KUALA LUMPUR – Political stability adds strength to the economy and boosts investors’ confidence in the country, said Juwai IQI global chief economist Shan Saeed.
“Political stability is part of macroeconomic stability and is embedded in the equation. It is perhaps the most important variable in the macroeconomic calculus.”
It is of no secret that global investors also value countries with a stable government with strong policy framework, he told Bernama in a recent interview.
“People have confidence in the stable government with strong mandate to run the economy and to meet stakeholders expectation to deliver economic results to improve the living standards and income levels.”
Experienced policy makers will also add value to it, he added.
Meanwhile Bank Islam Malaysia Bhd chief economist Firdaos Rosli said a stable government is always preferred for confidence building at all levels.
“In the event political uncertainties start to manifest or reach a turning point that could hinder legislative processes, the government could initiate a confidence-and-supply agreement to ensure the smooth running of the government machinery.
“It was a proven strategy throughout Prime Minister Datuk Seri Ismail Sabri Yaakob’s administration,” he said.
Vaccination was key for economic driver
Shan said Malaysia has done fairly well in terms of getting people vaccinated and is recognised by the World Health Organisation and other healthcare bodies.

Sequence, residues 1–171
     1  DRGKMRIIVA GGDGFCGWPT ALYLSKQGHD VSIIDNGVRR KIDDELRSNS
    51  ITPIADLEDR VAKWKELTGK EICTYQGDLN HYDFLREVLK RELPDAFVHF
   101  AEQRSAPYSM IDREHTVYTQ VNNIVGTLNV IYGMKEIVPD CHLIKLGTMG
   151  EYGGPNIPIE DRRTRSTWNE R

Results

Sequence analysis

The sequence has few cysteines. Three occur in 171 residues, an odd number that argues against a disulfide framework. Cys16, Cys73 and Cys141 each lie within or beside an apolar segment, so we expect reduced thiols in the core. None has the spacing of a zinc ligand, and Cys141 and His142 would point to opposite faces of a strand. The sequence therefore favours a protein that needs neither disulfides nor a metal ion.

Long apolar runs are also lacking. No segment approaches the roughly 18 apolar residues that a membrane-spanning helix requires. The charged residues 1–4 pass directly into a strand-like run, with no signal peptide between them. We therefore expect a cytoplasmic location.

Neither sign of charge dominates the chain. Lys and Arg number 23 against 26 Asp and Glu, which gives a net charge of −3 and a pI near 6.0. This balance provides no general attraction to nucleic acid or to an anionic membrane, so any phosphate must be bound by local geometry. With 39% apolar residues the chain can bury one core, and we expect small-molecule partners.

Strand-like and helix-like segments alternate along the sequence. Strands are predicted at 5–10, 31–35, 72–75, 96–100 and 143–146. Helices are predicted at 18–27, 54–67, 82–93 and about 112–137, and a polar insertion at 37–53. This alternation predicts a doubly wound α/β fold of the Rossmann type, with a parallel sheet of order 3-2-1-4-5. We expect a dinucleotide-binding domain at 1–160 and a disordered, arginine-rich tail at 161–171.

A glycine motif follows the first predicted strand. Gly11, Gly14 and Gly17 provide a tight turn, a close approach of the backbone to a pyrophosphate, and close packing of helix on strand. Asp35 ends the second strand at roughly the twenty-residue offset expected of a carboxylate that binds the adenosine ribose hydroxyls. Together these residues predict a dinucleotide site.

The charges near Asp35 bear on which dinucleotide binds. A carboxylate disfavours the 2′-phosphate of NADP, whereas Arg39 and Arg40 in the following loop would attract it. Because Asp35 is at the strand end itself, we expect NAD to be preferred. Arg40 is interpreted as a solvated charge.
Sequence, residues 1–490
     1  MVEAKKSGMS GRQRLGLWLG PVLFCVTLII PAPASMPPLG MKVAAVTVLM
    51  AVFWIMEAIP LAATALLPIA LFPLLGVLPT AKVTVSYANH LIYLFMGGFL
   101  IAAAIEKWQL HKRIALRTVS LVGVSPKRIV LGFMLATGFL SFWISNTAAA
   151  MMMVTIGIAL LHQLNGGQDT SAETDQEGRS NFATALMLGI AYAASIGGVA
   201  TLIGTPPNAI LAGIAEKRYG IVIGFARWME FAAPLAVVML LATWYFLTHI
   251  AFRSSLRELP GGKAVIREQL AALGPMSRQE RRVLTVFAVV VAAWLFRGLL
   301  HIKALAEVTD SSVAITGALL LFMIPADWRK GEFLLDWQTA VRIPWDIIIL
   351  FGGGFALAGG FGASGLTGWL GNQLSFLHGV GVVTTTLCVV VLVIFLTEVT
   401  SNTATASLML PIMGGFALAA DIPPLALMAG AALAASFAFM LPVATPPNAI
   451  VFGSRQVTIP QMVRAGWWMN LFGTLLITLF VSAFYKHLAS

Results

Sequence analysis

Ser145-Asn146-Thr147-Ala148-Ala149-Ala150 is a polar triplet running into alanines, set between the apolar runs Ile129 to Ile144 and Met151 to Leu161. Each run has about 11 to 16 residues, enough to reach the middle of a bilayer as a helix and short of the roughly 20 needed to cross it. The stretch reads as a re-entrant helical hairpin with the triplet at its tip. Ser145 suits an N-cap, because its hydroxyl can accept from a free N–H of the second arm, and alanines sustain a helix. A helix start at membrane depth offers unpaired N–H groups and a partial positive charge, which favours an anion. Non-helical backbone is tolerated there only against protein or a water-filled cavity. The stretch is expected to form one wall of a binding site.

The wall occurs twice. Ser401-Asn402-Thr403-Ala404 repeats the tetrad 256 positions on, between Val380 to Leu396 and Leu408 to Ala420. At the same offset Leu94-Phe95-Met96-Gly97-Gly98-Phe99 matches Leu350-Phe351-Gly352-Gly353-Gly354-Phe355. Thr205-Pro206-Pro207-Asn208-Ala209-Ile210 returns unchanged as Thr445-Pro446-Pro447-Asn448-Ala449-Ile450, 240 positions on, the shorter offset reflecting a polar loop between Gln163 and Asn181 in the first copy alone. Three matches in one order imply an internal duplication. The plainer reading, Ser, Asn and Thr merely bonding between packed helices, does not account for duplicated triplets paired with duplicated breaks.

He said the border opening was a sagacious move from the government considering that 98 per cent of the population got vaccinated and Malaysia was ahead of her neighbours in the south and the north.
“The border opening sent positive signals to the market that the Malaysian economy and its people were ready for business to kick-start the economic momentum at a faster rate to achieve the desired economic recovery.”
Firdaos said the economy this year is poised to perform better than last year.
The country continues to record strong Gross Domestic Product (GDP) growth in the third quarter (Q3) of 2022 after posting stellar growth of 14.2 per cent from 8.9 per cent in Q2 and 5.0 per cent in Q1 respectively, thanks to the border reopening since April 1, 2022.
The stronger footing for Q3 2022 was supported by continued expansion in domestic demand, firm recovery in the labour market, robust electrical and electronics (E&E) as well as non-E&E exports and ongoing policy support.
“However, GDP growth is expected to moderate in the fourth quarter of 2022 as the base effects taper off while downside risks from the external environment become more apparent. We expect Malaysia’s economy next year to grow at 4.5 per cent,” he added. – Bernama / pic TMR File